Again riding for the works Norton in 1954 Isle of Man TT Races, despite leading the 1954 Junior TT a retirement on lap 5 for Amm, allows Rod Coleman to become the first New Zealander to win a TT Race at an average race speed of 91.51 mph. The 1954 Senior TT race was delayed due to weather conditions and reduced visibility on the Mountain Section of the course. The race is held after a short delay and starts at mid-day. Despite the conditions, Geoff Duke riding the works Gilera and led Amm riding for Norton by 14 seconds on lap 1.[5] On the second lap, Duke lapped in 26 minutes and 23 seconds at an average speed of 86.97 mph and Amm lapped at an average speed of 86.49 to reduce the lead to just 2 seconds.[6] Further heavy rain and low cloud on the Mountain Section reduced speed further and on lap 2 and Amm used "feet-down"[7] tactics on the slower corners. Then Duke decided to refuel on lap 3 and Amm in second place went straight through without stopping and now led Duke by 32 seconds.[6] At the Windy Corner on lap 4, the visibility was down to 20 yards and a decision was made to stop the race because of the conditions. This allowed Amm, due to refuel at the TT Grandstand on lap 4, to win the highly controversial 1954 Senior TT Race in 1 hour, 42 minutes and 46.8 seconds at an average race speed of 88.12 mph.

1954 Isle of Man Senior TT 500 cc final standings[edit]

Friday 18 June 1954 - 4 Laps (150.92 Miles) Mountain Course.

Place Rider Number Country Machine Speed Time
1 Flag of Rhodesia (1964).svg Ray Amm Rhodesia Norton 88.12 mph 1:42.46.8
2 United Kingdom Geoff Duke United Kingdom Gilera 87.19 mph 1:43.52.6
3 United Kingdom Jack Brett United Kingdom Norton 86.04 mph 1:45.15.2

The next event after the 1954 Isle of Man TT Races was the Ulster Grand Prix held at the Dundrod Circuit in Northern Ireland. In an event that was much affected by rain, Amm won the 350 cc Ulster Grand Prix at an average race speed of 83.47 mph from Jack Brett in 2nd place and Bob McIntyre in 3rd place. The 500 cc Ulster Grand Prix was reduced from 27 laps to 15 laps due to heavy rain and again the race was won by Amm at an average race speed of 83.87 mph, although later these result was excluded from the World Championship by the FIM. A further Grand Prix win in 1954 followed for Amm with another 350 cc victory at the German Grand Prix held at Solitudering. At the end of the 1954 Grand Prix motorcycle racing season Amm finished in 2nd place in both the 350 cc and 500 cc classifications behind world champions Fergus Anderson and Geoff Duke.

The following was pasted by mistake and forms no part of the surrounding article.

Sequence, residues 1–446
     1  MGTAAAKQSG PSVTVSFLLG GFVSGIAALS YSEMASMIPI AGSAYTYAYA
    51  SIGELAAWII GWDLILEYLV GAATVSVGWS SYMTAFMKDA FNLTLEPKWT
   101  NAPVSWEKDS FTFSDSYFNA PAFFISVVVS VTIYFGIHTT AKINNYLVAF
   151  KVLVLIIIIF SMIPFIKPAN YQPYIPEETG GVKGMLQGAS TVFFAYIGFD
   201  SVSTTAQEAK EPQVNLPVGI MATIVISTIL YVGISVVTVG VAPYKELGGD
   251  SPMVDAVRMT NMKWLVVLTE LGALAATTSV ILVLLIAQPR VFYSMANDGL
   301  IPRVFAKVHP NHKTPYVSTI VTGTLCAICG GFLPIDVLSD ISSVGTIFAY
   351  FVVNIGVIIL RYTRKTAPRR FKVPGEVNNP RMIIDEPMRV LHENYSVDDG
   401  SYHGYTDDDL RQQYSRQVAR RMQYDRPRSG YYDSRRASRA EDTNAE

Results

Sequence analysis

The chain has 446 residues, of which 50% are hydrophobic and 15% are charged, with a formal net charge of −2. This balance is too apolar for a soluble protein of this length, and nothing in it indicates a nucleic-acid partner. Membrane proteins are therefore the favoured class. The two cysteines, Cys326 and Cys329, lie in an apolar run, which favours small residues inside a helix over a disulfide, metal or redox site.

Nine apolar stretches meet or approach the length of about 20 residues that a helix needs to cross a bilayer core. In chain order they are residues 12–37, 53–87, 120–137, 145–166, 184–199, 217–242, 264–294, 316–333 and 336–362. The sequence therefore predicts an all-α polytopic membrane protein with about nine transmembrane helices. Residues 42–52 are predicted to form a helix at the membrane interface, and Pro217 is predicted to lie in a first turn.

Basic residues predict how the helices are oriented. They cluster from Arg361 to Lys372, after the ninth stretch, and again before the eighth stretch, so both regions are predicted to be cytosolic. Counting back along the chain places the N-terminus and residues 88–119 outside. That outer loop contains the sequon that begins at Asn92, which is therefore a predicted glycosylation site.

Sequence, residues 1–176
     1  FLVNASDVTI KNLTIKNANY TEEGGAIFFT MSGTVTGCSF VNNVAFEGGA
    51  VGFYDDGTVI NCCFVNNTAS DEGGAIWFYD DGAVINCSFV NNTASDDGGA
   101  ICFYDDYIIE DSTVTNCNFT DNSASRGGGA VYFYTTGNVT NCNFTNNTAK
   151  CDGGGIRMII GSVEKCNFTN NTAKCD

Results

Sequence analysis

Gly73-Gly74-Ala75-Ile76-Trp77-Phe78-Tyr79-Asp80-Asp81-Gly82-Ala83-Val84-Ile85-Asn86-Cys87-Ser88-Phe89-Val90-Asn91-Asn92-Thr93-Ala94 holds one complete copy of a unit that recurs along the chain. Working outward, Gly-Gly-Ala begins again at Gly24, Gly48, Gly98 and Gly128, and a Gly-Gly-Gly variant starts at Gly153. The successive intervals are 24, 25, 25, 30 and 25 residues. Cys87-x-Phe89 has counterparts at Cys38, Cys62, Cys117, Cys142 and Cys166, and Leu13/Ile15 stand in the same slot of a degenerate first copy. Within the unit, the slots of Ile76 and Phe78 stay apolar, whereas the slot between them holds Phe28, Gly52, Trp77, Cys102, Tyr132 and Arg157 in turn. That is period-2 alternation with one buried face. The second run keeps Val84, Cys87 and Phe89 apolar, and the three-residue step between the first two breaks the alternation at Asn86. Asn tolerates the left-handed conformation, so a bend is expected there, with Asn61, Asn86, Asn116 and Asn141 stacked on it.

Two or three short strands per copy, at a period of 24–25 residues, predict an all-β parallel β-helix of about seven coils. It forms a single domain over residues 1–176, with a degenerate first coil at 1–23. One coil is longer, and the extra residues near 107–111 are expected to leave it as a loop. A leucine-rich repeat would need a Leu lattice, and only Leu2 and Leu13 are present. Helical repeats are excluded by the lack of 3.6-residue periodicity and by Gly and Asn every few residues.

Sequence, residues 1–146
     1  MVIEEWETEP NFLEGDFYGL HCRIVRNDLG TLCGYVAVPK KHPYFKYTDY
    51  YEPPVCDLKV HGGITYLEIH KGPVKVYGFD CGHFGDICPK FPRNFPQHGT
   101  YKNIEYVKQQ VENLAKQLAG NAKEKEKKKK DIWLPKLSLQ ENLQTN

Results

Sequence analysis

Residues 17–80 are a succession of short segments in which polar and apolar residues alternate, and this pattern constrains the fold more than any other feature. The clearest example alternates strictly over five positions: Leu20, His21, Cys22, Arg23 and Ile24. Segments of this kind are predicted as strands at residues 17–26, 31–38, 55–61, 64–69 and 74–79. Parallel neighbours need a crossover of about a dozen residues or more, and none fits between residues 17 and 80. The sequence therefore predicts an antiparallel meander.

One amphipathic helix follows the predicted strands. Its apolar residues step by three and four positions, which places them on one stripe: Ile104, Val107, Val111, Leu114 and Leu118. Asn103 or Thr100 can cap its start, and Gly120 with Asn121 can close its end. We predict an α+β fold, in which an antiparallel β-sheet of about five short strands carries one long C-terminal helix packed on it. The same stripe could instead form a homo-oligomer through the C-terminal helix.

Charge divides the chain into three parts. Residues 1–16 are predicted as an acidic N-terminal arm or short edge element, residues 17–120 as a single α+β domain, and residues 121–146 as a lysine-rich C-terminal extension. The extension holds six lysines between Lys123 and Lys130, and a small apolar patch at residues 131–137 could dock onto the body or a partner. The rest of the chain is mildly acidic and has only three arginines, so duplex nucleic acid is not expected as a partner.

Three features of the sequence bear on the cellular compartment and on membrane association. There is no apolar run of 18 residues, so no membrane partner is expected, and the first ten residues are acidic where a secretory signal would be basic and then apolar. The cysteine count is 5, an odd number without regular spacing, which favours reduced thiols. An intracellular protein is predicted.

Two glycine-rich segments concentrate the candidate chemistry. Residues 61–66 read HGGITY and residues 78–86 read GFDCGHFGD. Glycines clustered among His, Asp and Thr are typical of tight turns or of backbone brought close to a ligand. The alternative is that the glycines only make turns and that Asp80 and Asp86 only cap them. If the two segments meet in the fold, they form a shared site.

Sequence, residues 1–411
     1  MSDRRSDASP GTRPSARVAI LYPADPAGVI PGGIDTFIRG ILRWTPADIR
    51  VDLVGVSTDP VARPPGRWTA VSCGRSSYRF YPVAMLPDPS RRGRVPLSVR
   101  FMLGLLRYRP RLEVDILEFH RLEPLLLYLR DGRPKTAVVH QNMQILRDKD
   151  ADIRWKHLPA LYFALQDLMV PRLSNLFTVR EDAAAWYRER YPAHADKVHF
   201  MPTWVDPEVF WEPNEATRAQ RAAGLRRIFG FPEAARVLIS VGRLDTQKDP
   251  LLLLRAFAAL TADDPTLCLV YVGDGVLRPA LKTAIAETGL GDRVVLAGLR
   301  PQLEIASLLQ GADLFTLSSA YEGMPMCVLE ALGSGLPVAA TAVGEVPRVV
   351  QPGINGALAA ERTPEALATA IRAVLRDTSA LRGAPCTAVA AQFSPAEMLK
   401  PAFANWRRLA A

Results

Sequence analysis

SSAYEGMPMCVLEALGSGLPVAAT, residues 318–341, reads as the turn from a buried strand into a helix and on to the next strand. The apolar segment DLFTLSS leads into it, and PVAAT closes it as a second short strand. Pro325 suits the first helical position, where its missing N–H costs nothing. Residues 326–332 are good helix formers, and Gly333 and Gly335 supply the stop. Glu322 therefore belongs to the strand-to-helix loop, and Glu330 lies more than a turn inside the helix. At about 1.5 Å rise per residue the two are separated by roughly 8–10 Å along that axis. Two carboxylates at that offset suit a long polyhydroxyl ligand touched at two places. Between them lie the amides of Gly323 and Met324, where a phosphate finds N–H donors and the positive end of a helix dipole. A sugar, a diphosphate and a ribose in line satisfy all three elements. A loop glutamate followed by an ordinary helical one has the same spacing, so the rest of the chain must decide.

1954 Grand Prix motorcycle racing season 500 cc Standings[edit]

Place Rider Number Country Machine Points Wins
1 United Kingdom Geoff Duke United Kingdom Gilera 40 5
2 Flag of Rhodesia (1964).svg Ray Amm 93 Rhodesia Norton 20 1
3 Australia Ken Kavanagh Australia Moto Guzzi 16 0

1954 Grand Prix motorcycle racing season 350 cc Standings[edit]

Place Rider Number Country Machine Points Wins
1 United Kingdom Fergus Anderson United Kingdom Moto Guzzi 38 4
2 Flag of Rhodesia (1964).svg Ray Amm Rhodesia Norton 22 2
3 New Zealand Rod Coleman 33 New Zealand AJS 20 1

Moving to MV Agusta Team 1955[edit]

Despite many offers Amm finally moved from the works Norton motorcycles to the factory MV Agusta racing team. The debut race for Amm and MV Agusta was to be the 1955 Easter Monday race meeting at the Autodromo Enzo e Dino Ferrari in Imola, Italy. Riding a 350cc four-cylinder MV Agusta in the Coppa d'Oro Shell Race, Amm lost control at the Rivazza Corner as he pursued Kavanagh and crashed in slippery conditions and died of his injuries on the way to hospital.

Race results[edit]

TT Race Victories[edit]

Year Race & Capacity Motorcycle Average Speed
1953 Junior 350 cc Norton 90.52 mph
1953 Junior 350 cc Norton 93.85 mph
1954 Senior 500 cc Norton 88.12 mph

TT Career Summary[edit]

Finishing Position 1st 3rd 9th 28th DNF
Number of times 3 1 1 1 2

FIM Motor-Cycle Grand Prix Results [8][edit]

Position 1 2 3 4 5 6
Points 8 6 4 3 2 1

(key) (Races in bold indicate pole position)

Year Class Team 1 2 3 4 5 6 7 8 9 Points Rank Wins
1951 350 cc Norton ESP
-
SUI
-
IOM
9
BEL
-
NED
-
FRA
-
ULS
-
NAT
-
0 - 0
500 cc Norton ESP
-
SUI
-
IOM
28
BEL
-
NED
-
FRA
-
ULS
-
NAT
-
0 - 0
1952 350 cc Norton SUI
6
IOM
NC
NED
2
BEL
2
GER
-
ULS
-
NAT
1
21 3rd 1
500 cc Norton SUI
6
IOM
3
NED
-
BEL
3
GER
-
ULS
-
NAT
-
ESP
9
9 10th 0
1953 350 cc Norton IOM
1
NED
2
BEL
3
GER
-
FRA
-
ULS
-
SUI
-
NAT
-
ESP
-
18 3rd 1
500 cc Norton IOM
1
NED
-
BEL
2
GER
-
FRA
-
ULS
-
SUI
-
NAT
-
ESP
-
14 5th 1
1954 350 cc Norton FRA
-
IOM
NC
ULS
1
BEL
-
NED
-
GER
1
SUI
3
NAT
5
ESP
-
22 2nd 2
500 cc Norton FRA
-
IOM
1
ULS
1 †
BEL
-
NED
-
GER
2
SUI
2
NAT
-
ESP
-
20 2nd 1

† The 500 cc race was stopped by bad weather, and the FIM excluded the race from the World Championship.

[9]

Sources[edit]

  1. ^ TT Special Page 14. 12 June 1954 edited by G.S.Davison
  2. ^ Ray Amm at Motorsport Memorial
  3. ^ a b TT Special Page 15. 12 June 1954 edited by G.S.Davison
  4. ^ page 69 A Motorcourse History of the Isle of Man Tourist Trophy Races 1907-1989 By Nick Harris.
  5. ^ Official TT Race Guide 2004 page 43
  6. ^ a b Island Racer 2004 page 115
  7. ^ Isle of Man Weekly Times dated 19 June 1954
  8. ^ Ray Amm career statistics at MotoGP.com
  9. ^ 50 Years Of Moto Grand Prix (1st edition). Hazelton Publishing Ltd

External links[edit]